The key to the success of the Lateral Flow Device is a highly specific antibody (monoclonal antibody) raised by Dr. Dewey and Ulla Meyer at the University of Oxford, UK. This antibody binds only to molecules produced by the specific fungus (Botrytis antigens). These antigens are present in juice from infected grapes but not in juice from uninfected grapes. The antibody is used to coat small blue beads that are housed in an absorbent pad beneath the sample well. When the diluted juice sample is added, they are mobilized and move forward along the membrane beneath the absorbent pad. If the diluted juice sample comes from infected grapes, Botrytis antigens in the test sample will be captured by the Botrytis antibody coated beads. The addition of the diluted juice to the sample well mobilizes the beads in the absorbent pad and they move forward along a membrane beneath the absorbent pad. Two lines of antibodies are pre-printed onto the membrane opposite the “t” and “c” seen in the viewing window of the device. The first, or “t”-line is the test line and the second is the control or “c”-line. The test line is a line of the Botrytis antibodies and, when beads carrying the Botrytis antigens reach this line, they are arrested by this line of antibodies and gradually aggregate so that they become visible to the eye as a blue (positive) line. The control line forms when a second set of blue beads, coated with a neutral antibody, is stopped by a line of anti-control antibodies. The formation of the control line assures the tester that the device has worked. If no Botrytis antigens are present in the diluted grape juice sample, none will bind to the Botrytis-antibody-coated-beads and none of these beads will be stopped at the test line. Therefore,only the control line will be seen. In summary, at the end of the test, two bands indicate a positive result and one band indicates a negative result.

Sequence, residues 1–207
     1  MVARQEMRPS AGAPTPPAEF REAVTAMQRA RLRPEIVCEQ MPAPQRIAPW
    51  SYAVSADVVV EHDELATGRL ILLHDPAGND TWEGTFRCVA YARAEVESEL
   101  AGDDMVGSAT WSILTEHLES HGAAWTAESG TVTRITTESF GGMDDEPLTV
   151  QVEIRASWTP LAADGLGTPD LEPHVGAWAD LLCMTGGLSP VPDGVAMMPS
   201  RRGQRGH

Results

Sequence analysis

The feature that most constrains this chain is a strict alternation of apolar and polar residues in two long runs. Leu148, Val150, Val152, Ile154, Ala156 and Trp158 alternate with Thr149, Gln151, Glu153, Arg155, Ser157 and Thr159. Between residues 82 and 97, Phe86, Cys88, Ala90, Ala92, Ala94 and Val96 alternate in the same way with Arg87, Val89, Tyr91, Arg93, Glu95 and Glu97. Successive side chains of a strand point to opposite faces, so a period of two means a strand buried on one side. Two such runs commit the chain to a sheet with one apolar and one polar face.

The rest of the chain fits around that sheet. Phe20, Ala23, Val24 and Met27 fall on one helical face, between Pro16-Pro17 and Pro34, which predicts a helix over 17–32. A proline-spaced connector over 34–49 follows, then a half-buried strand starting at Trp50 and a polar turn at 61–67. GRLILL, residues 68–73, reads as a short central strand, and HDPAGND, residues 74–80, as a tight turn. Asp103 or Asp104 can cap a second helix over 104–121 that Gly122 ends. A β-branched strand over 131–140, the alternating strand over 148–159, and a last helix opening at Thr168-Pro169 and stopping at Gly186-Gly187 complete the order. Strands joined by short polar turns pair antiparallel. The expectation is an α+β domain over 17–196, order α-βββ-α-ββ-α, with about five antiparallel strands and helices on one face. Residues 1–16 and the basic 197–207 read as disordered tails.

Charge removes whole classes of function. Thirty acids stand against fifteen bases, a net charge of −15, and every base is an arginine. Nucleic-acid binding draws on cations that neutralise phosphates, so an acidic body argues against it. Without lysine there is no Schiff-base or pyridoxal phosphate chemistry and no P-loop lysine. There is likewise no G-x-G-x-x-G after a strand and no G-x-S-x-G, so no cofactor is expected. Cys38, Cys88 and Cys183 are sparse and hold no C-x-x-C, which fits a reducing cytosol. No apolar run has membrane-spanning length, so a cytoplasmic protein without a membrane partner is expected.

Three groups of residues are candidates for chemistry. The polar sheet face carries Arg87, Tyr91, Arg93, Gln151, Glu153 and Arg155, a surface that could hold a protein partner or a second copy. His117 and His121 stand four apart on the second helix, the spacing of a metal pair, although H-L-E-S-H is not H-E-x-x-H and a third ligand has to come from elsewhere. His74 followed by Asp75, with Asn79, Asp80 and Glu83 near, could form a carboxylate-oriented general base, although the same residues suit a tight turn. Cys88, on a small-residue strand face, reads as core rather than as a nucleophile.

The antigen recognized by the Botrytis-specific antibody has proved to be highly stable and is not metabolized during fermentation. This means that if the antigen is present in the juice, it will also be present in the resulting wines (both table wines and “dessert” wines). A sensory group of researchers at UC Davis led by Dr Hildgarde Heymann together with Dr Molly Dewey is currently exploring the relationship between the levels of the Botrytis antigen and the characteristic aroma associated with botrytized “dessert”

wines. They are also interested in determining whether low levels of Botrytis antigens in table wines have a positive effect on aroma quality. Other fungi, such as species of Aspergillus and Penicillium, that are commonly associated with higher levels of Botrytis infections, are known to produce undesirable effects.

Development of the Lateral Flow Device was a collaborative effort by Dr Chris Danks and co- workers at the government Central Science Laboratory at York, UK and Dr Molly Dewey, funded by the CDFA. Testing was carried out, both in the lab and at the wineries, through UC Davis and the CDFA by Dr Molly Dewey and her UC Davis colleagues. The device is now available worldwide and anyone interested in helping further validate the device should contact Dr Molly Dewey by email at the following email address: fmdewey@ucdavis.edu.edu